Monday, August 24, 2009

I Don't Like Mondays

The Boomtown Rats got it right when they sang “I Don’t Like Mondays.” For most of my life, Monday has been a hurdle -- a cyclone fence topped with barb wire -- not the beginning of a new day or at fresh start to the work week. I have started and failed many a diet on a Monday. In my twenties, I pulled myself, completely unwilling, out of bed to catch the 125 city bus in the park for work on Mondays. I have ended most vacations on a Sunday only to wake Monday to the discombobulating racket from the alarm clock getting the boys dressed and fed and out to school by 8 a.m. still in a complete fog.

Mondays my husband gets an early start -- his cell phone alarm buzzing and ringing on the windowsill -- my oldest son, sleeping on the floor after having a bad dream mid-night, and Sean wide-awake, sitting on the back of my legs saying over and over, “Mommy, wake up.”

I can’t hand him off like a baton to my husband, he is not running in this race today. He’s participating in a different race, better known as the rat-race. On early Monday mornings, it’s just Sean and me, getting ready for an intense sprint.

Even when I was a kid, I despised Monday. My sister and I, still to this day, laugh about the ticking sounds emanating from the old Zenith on Sunday evenings -- my parents Pavlovian response to the tick-tocks -- clearing dishes from the table just in time to collapse into the sofa and watch 60 Minutes the Newsmagazine Show. For my sister and me, it was just a painful reminder that the weekend was closing -- all work and no play in front of us. Time to finish up homework and get our clothes ready for tomorrow -- for Monday. Time to start the cycle all over.

Mondays stretch out for me like the vast wilderness, the landscape perilous, the geography problematic and the dangers uncertain. And yet I have no other choice but to journey ahead, picking my feet up and throwing them forward. Mondays can set the tone for the whole week -- a difficult Monday can mean a difficult week. And Sean, he is the Magic 8 Ball who can determine what the future holds -- Ask again later or Not likely or Yes. I don’t think he wants to have such power, but the truth is, he does. Our lives are often mingled together -- a good day for Sean equals a good day for me -- an equation that relies wholly on the parts equaling the sum no margin for error, no rounding up. I say this with math not being my strong suit -- disappointing since my father is an accountant and one brother is an actuary.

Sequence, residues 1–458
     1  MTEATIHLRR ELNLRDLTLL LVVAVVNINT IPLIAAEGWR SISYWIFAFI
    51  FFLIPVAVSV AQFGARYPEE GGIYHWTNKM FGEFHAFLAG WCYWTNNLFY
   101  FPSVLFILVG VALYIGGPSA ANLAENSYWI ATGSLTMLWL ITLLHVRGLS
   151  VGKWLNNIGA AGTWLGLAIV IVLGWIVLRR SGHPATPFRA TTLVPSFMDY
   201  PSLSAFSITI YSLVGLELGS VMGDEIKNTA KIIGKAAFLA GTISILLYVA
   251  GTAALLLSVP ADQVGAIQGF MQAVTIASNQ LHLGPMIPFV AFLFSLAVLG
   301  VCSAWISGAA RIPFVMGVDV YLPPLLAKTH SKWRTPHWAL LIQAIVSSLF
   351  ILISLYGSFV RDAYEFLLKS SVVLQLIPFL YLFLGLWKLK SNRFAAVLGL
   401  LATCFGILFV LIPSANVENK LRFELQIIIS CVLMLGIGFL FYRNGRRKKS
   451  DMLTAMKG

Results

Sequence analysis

So today was bumpy. Some fits and crying that didn’t make much sense. I let Sean ride his bike, careening across a large expanse of black asphalt, his legs pumping with purpose and power. He became whiny shortly after.

The afternoon we went to the swimming pool at a nearby college. Sean flirted with the pretty young co-eds and said to one of them, “I am going to marry you.” His brother turning scarlet behind him. They laughed and let Sean splash them. Not long after, he asked to leave because the water was cold, his body pimpled with goose bumps. In the car ride home, his brother practiced his guitar and Sean made up songs and then complained that he was too hot.

So now Sean and I are in the kitchen and he is talking about strawberry season,

“It’s over, Mommy. Strawberry season is over. No more strawberries.”

He is commenting on the empty strawberry patches in our and our neighbor’s yards. Truth be told, there hasn’t been any strawberries since late June, but this hasn’t stopped Sean from mentioning it everyday since. It’s blackberry season. Tomorrow on our walk we will pick the wild blackberries, careful of the thorny branches. I can’t wait to see Monday in the rearview mirror. Welcome Tuesday.

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